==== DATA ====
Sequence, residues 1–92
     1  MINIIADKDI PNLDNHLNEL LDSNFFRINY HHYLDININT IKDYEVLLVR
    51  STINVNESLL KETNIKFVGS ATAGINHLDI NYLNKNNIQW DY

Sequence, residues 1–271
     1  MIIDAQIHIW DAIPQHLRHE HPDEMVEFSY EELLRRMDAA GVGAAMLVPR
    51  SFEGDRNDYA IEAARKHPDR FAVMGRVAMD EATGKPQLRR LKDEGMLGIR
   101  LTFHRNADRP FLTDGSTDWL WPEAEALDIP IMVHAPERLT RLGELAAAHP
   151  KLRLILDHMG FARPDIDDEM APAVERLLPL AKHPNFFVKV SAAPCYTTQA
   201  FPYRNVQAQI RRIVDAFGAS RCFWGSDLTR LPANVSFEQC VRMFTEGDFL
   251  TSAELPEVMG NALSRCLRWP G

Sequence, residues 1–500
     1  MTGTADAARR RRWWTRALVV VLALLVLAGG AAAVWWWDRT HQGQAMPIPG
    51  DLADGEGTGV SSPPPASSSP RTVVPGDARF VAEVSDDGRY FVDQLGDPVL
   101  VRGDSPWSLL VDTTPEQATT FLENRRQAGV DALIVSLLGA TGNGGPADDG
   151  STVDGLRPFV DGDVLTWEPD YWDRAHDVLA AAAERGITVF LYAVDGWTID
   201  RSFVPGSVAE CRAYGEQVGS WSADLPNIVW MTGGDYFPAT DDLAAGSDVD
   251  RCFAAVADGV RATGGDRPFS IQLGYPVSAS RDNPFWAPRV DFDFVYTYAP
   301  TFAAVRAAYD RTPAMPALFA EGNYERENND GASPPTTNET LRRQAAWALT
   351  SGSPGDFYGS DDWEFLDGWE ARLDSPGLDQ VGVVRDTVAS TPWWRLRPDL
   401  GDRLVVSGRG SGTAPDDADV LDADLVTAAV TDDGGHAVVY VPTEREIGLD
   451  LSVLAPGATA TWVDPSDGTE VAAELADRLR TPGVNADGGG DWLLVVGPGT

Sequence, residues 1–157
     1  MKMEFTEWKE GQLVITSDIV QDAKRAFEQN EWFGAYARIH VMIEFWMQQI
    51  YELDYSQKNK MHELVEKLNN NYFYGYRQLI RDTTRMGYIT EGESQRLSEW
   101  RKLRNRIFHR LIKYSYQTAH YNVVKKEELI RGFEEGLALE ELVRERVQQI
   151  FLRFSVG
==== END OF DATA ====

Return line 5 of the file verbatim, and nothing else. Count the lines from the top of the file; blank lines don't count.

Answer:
     1  MIIDAQIHIW DAIPQHLRHE HPDEMVEFSY EELLRRMDAA GVGAAMLVPR